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Tackling diversity: Flowers leads in diversity, football at Southwest Christian

🕐 5 min read

As a former standout defensive back at the University of Arkansas, Jeromy Flowers knows a thing or two about working together. Diversity can lead to winning. Differences can be learning experiences, ways to expand knowledge.

This is also something he has taught his players as a coach, his current gig being the head football coach at Southwest Christian High School in Fort Worth.

Now, he’s been asked to take his diversity knowledge and share it with others, including faculty, students, parents and members of the community to help build bridges to connect their bridges. Flowers does this from a biblical perspective.

Now in his third season as the school’s director of diversity, Flowers, like many others in positions like his, has faced some harsh challenges society has brought forth in recent times. In addition, he leads the Barnabas Program at the school, supporting new families and students.

Flowers took a few minutes and discussed his role and the significance it has in bringing folks together to explore their differences and turn them into positives:

FWBP: How have you addressed students and/or employees regarding events like the tragic situation with George Floyd and others?

Jeromy Flowers

JF: I was able to address all of our students and staff regarding George Floyd through a Zoom video due to COVID. Here is part of my response: “Speaking as both SCS’ director of diversity and a Black man, recent events in our nation have been heartbreaking. For me, personally, I’ve been struggling with mixed emotions. As a Christian, I know the battle against racial injustice has to be fought on our knees and handed over to God. But as a Black man, I am frustrated, hurt, and sad because of the continued racial injustice some of my students, my family, my friends, and I have faced simply because of the color of our skin. In this struggle, I ultimately know that first I am Christian, and all my actions should be a reflection of God.”

In this instance, responding to what has now been officially recognized as the homicide of George Floyd and the rioting across the nation that followed, one question we must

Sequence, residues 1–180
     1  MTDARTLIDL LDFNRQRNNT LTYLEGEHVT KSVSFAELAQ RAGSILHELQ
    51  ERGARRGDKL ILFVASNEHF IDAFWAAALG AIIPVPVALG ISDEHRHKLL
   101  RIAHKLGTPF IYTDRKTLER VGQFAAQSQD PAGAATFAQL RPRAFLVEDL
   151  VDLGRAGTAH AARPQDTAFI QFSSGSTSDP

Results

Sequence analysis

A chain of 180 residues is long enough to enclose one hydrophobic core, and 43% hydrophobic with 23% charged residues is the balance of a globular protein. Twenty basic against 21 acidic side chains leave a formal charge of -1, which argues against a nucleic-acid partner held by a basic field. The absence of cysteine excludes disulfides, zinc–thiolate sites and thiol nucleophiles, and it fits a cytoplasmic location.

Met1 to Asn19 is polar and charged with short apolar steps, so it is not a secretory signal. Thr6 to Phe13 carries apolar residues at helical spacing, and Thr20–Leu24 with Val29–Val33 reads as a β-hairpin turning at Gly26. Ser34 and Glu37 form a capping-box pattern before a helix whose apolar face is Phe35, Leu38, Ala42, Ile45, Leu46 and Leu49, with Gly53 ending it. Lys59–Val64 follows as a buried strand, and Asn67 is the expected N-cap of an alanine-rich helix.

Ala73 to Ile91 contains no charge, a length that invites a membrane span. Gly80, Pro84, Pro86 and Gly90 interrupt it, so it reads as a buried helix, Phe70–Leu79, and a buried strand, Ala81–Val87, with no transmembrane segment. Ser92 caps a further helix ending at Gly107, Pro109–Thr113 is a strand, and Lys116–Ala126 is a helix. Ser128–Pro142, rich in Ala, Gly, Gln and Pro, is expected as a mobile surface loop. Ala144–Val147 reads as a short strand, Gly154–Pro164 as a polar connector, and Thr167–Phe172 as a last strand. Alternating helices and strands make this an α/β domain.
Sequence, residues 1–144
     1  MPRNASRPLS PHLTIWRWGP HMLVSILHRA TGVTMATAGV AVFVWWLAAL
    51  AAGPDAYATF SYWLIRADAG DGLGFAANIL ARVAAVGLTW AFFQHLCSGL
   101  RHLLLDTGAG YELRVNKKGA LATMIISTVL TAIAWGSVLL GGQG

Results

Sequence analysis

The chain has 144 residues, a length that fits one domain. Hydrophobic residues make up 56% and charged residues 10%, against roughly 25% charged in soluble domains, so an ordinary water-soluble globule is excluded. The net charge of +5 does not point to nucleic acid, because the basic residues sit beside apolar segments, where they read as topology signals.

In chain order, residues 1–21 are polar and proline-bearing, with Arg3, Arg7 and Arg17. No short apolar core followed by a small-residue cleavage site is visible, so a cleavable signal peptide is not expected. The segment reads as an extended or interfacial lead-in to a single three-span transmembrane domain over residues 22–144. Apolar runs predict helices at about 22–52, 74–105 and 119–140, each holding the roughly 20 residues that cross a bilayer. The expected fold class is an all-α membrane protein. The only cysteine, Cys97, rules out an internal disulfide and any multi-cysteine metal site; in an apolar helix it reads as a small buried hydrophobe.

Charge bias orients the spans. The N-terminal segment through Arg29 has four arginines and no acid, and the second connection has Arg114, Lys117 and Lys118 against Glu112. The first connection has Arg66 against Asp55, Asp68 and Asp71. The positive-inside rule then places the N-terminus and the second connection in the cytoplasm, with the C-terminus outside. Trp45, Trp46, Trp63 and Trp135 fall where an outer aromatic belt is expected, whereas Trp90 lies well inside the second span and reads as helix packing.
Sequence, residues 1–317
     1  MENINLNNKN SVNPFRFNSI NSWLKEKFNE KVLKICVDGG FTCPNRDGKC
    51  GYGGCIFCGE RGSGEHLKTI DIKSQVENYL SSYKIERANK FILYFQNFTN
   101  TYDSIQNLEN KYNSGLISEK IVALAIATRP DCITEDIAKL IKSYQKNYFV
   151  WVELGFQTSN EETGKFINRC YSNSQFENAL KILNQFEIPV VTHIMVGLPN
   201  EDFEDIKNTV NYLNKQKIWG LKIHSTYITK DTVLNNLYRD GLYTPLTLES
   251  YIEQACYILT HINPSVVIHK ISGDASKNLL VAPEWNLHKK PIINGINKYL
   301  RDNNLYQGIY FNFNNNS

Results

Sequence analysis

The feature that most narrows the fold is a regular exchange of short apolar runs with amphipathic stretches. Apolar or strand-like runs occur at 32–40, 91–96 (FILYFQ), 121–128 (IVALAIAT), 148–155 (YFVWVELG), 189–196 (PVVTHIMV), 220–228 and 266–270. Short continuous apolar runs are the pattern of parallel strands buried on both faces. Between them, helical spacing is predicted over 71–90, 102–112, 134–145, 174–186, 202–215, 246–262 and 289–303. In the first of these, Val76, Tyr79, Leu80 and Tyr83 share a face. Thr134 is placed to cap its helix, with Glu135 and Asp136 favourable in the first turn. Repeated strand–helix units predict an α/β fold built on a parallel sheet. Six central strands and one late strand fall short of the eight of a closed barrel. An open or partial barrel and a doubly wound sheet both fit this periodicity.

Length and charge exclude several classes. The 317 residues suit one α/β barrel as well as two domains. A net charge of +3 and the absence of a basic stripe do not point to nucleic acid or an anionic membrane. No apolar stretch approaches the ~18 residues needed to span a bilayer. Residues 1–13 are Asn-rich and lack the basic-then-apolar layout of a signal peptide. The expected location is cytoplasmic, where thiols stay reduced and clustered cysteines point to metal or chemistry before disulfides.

continuously ask ourselves is this: How does our God want us, as Christians, to respond? It is critical that our first response to this situation begins on our knees in prayer. God also calls us to take a stand for any of our brothers and sisters who are wronged or oppressed. If we truly aspire to be Christian leaders in the world, in fact, we should not be silent.

FWBP: Can you tell me about the Barnabas Program?

JF: The Barnabas Program was established at Southwest Christian several years ago to assist new students and families as they transition into the SCS culture and family – spiritually, academically, socially, and through involvement in various ways. I mainly work with first year-families, but I am also available for others as needed.

FWBP: Do you have any tips for organizations in dealing with diversity issues?

JF: The best tip I can give in dealing with diversity issues is to first know that God loves diversity because He’s the one who created it. It is important to look at all controversial topics through the lens of Jesus Christ and what the word of God says. I believe that the word of God is the best tool we can use to handle all conflict.

FWBP: What can our nation do as we move into a new chapter and new year to get a handle on what is happening between the police and minorities?

JF: I believe first we have to take this to God in prayer. Battles are won by starting off on our knees. Next, I believe as Christians we should not be picking sides. Before we are black, before we are police officers, we are children of God. Our actions should show that.

As Christians, we should choose how Jesus would respond. Minorities have to understand that not all police officers are racist, but the ones who are should be dealt with in a court of law in a fair and just way. One option that police departments could consider is better training for officers on how to handle high-stress situations to help with peaceful outcomes.

FWBP: How does your experience as a former football player and current football coach help you in this endeavor?

JF: Not just football, but sports in general have it figured out. Most sports teams that you see work hard together, play hard together, and bond well together, and the players on these teams come from all types of diverse backgrounds. Why is that? In sports, teams set aside all differences to achieve one goal of winning the ultimate prize. The teams that know each other best, and care for each other the most, and work together the hardest, are the teams that are going to win the prize. This is what has to happen if we want to grow together, instead of apart.

FWBP: Have you been a director of diversity anywhere else?

JF: No, I have not. This was a position I was able to create from the ground up. SCS President and Head of School Brian Johnson allowed me to envision what this job should look like and then make it a reality.

FWBP: What are your goals for diversity at the school, community, and even this nation and world going forward?

JF: My goal for diversity is to provide a biblical approach to building bridges between people while embracing the differences Christ alone has created. As a community at SCS, we desire to cultivate an environment that maintains a deep commitment to the promotion of diversity, inclusivity, and equity within our Christ-centered community and global society. We are all image-bearers of Jesus Christ and strive to reflect His love for all.

Southwest Christian High School

6901 Altamesa Boulevard
Fort Worth 76123
817.294.9596
www.southwestchristian.org

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